· 2 min read · Features

Flexible working where you'd least expect, part two


Many firms claim flexible working ‘won’t work’ for them. These examples prove there are options for everyone

It’s taken a while but finally the words ‘flexible working’ are no longer synonymous with frazzled parents looking to combine work and family. Neither is a flexible approach purely associated with white collar office jobs where people can organise their time neatly around deadlines, working from behind a screen wherever that screen might be.

With a growing number of employees demanding more flexibility, the vast majority of industries must take heed. As Kirstie Axtens, head of employer services at Working Families, says: “[Flexible working] has been extended to more employees who work in a wide range of jobs and industries. If you’re not flexible you run the risk of losing people and falling behind.”

We talk to three very different organisations about how they’re offering workers a surprising degree of flexibility, considering the roles and sectors they’re in.

West Midlands Police (WMP)

Historically the police as an employer doesn’t have a reputation for being at the forefront of flexibility, in part due to the ‘jobs for life’ culture that kept employees loyal. However, times have changed and retaining experienced talent is much harder. As Rebecca Hess, human resources business adviser at WMP, says: “Although police employers can still largely rely on a very motivated and loyal workforce they cannot take it for granted. Generation Y and Millennials will most likely push the agenda even further.”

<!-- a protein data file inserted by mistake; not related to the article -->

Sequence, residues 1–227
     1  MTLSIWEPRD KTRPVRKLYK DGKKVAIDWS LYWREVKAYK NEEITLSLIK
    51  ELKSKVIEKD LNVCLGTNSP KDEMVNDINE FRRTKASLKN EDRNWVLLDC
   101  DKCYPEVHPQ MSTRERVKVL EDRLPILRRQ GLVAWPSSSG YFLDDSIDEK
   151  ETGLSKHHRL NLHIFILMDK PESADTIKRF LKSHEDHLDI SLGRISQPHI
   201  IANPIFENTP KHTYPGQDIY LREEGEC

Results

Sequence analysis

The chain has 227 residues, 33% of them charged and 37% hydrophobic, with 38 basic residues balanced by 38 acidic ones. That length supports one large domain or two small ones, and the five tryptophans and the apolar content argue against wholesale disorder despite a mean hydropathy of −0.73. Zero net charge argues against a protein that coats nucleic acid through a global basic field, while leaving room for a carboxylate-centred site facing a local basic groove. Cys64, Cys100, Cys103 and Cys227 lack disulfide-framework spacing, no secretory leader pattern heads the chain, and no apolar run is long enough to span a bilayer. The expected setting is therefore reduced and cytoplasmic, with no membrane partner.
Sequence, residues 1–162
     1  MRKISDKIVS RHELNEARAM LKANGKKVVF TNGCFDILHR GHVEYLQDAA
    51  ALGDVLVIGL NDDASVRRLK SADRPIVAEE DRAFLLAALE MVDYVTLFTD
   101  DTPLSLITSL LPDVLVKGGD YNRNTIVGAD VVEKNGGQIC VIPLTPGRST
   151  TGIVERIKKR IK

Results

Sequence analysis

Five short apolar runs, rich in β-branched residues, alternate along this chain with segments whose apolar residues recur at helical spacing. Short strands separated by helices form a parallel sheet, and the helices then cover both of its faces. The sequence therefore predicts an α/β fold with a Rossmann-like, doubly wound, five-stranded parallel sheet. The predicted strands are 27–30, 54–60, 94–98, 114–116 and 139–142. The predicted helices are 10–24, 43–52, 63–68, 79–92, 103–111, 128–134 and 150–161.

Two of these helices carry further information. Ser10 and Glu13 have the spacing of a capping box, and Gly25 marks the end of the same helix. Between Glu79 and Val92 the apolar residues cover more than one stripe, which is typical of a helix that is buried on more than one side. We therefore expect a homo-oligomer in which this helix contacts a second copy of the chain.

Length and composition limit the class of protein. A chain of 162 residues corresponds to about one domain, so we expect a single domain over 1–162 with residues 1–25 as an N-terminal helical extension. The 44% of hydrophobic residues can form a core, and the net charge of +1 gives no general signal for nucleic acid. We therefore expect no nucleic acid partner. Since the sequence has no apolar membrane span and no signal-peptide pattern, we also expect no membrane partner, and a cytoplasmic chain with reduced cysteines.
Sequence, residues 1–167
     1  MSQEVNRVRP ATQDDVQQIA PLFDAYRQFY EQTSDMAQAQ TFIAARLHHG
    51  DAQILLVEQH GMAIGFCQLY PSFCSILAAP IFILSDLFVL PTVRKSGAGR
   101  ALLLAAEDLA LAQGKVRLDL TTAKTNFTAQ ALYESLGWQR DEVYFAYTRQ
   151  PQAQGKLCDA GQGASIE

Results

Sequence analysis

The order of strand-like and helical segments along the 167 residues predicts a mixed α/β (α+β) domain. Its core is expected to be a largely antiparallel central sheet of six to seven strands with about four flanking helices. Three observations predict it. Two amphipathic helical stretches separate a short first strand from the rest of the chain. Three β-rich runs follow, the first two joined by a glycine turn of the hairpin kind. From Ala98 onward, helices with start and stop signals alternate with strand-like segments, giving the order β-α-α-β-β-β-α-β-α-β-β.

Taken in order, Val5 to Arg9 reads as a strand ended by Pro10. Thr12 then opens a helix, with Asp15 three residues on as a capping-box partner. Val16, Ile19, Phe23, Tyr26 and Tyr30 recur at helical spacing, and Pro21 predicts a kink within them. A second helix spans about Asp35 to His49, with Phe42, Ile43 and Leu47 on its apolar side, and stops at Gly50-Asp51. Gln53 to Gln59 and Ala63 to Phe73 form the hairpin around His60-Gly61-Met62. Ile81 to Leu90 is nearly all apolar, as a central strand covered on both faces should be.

The main reason WMP introduced more flexible practices was to support women having children. However, the opportunity to apply for flexible working is available to all after six months of service. The majority takes the form of reduced or compressed hours, but the force also accommodates job sharing, term-time and annualised hours where possible. It is also piloting self-rostering and routinely looks at cases where someone challenges the rejection of flexible working. “We don’t have to do this, but we think it helps foster greater confidence in the process and results in more innovative solutions,” says Hess.

The force faces particular challenges due to fluctuating staffing levels, workload, shift work, weekend work, local agreements, police regulations and the pressures of austerity. However, these challenges are well worth overcoming because the demands on employees are so high and terms and conditions are sometimes “squeezed by austerity or politics about pay and conditions”.

“We are able to keep our skilled people, maintain productivity and get better outcomes because of the more diverse nature of the high-calibre and committed staff we now have,” says Hess.

Check back tomorrow to read what retailer Dobell Menswear is doing to embrace flexible working

The Ministry of Defence's approach to flexible working